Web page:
NBK Secures $10M to Extend Credit to the WASH Sector

NBK Secures $10M to Extend Credit to the WASH Sector.

In order to increase financing for both public and private water utility companies as well as micro, small, and medium-sized enterprises (MSMEs), National Bank of Kenya (NBK) announced its partnership with the global asset manager WaterEquity. The partnership will mostly amplify the KShs. 5 billion NBK Majikonnect program’s funding by an additional USD 10 million.

Peter Kioko, acting managing director of NBK, emphasized the bank’s dedication to assisting last-mile connectivity in the water industry by enhancing access to financing:

“We are excited to partner with WaterEquity who are intentionally focused on solving the global water crisis. NBK’s collaboration with WaterEquity will positively and significantly impact access to water, sanitation, and hygiene services and products across the country. Our partnership accentuates our focus on attaining Sustainable Development Goal 6 (SDG6) – improving access to clean and safe drinking water for all. Water remains a fundamental enabler for health, education, energy, and agriculture,” Mr. Kioko said.

“This new partnership builds on our foundational work with our WASH-sector anchor partners, Aqua for All in establishing the Majikonnect programme last year. NBK will continue to forge transformative partnerships to improve access to water services,” Mr. Kioko added.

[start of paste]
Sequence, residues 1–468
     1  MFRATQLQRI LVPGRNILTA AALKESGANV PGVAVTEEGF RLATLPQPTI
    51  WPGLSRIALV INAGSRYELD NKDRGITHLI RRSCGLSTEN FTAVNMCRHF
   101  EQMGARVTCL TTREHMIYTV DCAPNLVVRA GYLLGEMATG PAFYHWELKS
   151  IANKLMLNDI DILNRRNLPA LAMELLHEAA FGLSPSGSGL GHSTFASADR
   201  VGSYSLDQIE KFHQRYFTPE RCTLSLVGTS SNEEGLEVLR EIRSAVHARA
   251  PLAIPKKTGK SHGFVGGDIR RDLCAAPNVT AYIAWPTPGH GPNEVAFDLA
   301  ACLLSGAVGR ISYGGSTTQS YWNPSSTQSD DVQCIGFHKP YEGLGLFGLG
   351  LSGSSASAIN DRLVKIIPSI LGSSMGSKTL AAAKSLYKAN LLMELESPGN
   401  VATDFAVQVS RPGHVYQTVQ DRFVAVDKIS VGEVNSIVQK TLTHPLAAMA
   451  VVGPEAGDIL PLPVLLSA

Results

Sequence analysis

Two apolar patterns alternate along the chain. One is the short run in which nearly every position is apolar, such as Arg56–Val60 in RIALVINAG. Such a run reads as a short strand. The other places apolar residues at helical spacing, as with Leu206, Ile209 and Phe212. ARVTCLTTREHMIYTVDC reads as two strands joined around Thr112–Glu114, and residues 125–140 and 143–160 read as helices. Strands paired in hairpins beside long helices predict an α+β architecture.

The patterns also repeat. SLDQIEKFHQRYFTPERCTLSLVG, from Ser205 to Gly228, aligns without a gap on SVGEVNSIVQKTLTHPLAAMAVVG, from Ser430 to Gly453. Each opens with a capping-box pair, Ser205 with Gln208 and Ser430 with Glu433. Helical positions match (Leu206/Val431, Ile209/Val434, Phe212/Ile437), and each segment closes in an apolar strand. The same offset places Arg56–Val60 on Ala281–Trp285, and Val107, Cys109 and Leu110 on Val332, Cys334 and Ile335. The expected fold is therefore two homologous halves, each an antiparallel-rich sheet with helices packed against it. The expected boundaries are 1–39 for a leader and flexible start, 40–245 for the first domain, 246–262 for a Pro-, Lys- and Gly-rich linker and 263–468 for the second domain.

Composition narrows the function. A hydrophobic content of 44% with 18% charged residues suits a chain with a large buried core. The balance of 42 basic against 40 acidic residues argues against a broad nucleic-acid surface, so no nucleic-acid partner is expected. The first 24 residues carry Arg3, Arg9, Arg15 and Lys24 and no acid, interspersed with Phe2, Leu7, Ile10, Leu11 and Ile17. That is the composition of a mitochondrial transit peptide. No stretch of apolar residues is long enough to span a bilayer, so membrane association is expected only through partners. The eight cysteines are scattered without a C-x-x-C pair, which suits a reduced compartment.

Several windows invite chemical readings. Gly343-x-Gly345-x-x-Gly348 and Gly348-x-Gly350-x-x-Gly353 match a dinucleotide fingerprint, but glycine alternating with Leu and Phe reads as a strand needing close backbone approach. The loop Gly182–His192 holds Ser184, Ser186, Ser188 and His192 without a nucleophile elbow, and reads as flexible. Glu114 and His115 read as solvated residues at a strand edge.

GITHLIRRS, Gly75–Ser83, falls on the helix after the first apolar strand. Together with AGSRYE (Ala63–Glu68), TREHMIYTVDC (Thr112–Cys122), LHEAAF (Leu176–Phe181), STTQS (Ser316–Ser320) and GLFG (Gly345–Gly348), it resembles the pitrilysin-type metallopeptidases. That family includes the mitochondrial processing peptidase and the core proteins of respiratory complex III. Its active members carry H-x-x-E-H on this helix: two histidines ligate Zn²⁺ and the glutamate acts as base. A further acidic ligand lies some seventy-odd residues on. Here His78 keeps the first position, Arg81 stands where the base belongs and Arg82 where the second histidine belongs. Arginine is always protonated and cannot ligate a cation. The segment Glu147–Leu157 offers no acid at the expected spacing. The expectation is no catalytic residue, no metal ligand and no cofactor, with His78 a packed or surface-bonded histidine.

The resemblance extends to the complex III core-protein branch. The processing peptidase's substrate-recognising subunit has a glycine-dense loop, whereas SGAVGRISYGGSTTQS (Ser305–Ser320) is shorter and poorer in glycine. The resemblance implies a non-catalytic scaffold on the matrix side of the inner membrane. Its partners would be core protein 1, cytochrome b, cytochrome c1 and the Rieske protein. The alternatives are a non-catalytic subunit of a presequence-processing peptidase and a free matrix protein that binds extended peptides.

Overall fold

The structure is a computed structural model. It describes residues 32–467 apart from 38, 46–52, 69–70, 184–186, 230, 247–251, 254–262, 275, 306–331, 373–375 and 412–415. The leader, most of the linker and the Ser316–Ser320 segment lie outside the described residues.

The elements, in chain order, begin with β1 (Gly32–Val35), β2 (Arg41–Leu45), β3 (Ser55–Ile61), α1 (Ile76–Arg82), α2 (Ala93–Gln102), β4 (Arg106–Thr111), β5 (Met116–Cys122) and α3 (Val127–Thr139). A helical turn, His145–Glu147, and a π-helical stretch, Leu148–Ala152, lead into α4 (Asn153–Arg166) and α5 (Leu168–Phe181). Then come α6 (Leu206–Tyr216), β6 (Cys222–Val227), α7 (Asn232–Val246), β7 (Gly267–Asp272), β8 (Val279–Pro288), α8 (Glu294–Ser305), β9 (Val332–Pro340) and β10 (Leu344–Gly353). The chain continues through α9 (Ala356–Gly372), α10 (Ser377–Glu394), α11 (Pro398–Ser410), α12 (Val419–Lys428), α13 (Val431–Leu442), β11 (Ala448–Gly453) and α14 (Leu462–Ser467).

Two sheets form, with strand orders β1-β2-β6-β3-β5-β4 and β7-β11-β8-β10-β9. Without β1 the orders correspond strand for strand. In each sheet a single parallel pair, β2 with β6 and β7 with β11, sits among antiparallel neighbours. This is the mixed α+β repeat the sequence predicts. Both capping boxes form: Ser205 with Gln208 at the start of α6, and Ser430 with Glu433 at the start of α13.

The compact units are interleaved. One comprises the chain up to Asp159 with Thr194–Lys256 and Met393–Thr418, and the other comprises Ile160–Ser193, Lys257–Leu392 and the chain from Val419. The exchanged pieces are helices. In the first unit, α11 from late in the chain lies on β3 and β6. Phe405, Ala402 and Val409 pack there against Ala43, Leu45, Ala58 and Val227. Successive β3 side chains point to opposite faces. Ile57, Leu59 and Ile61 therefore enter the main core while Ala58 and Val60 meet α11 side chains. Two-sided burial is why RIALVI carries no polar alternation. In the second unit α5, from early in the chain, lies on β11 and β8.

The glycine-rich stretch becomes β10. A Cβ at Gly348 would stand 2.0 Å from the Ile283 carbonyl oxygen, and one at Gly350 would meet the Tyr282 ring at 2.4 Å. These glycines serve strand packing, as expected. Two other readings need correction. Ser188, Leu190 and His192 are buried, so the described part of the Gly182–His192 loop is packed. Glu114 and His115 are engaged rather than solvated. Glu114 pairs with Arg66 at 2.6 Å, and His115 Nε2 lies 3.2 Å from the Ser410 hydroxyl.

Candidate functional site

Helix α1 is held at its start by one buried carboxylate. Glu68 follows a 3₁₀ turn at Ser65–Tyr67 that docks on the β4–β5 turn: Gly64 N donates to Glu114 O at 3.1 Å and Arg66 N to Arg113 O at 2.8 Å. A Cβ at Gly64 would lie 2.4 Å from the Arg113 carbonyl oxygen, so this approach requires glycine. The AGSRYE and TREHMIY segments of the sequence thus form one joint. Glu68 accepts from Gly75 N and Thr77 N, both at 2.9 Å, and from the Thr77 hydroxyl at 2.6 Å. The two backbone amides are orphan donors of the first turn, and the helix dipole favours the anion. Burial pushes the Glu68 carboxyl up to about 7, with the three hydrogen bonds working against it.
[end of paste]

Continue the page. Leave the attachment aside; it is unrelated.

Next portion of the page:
“Lack of financing prevents millions of people worldwide from securing access to safe water and sanitation infrastructure,” said WaterEquity Chief Investment Officer John Moyer. “At WaterEquity, we believe that capital markets offer the best solution to increase access to water and sanitation at a large scale. And we’re very pleased to continue our support for expanded access in Kenya through our investment in NBK, particularly given the bank’s tremendous commitment to financing the sector,” he added.

According to the Water Services Regulatory Board (WASREB) impact report 14-2020/2021, 60% of Kenya’s regulated areas have access to water, while 16% have sewerage.

According to the UN World Water Development Report 2021, it would cost over US$1.7 trillion, or US$114 billion per year, between 2016 and 2030 to achieve the SDG Targets of universal access to safe drinking water, sanitation, and hygiene in 140 low- and middle-income countries. In most regions, it has been demonstrated that such investments have a favorable benefit-cost ratio (BCR) that generates a sizable economic return. Economic gains on cleanliness are much larger because, in many circumstances, they can significantly enhance health outcomes with minimal new costly infrastructure.

Through improved saving plans and affordable, high-quality credit products, NBK has developed a specialty in delivering prompt and effective financial services to clients, thereby strengthening them socially and economically.


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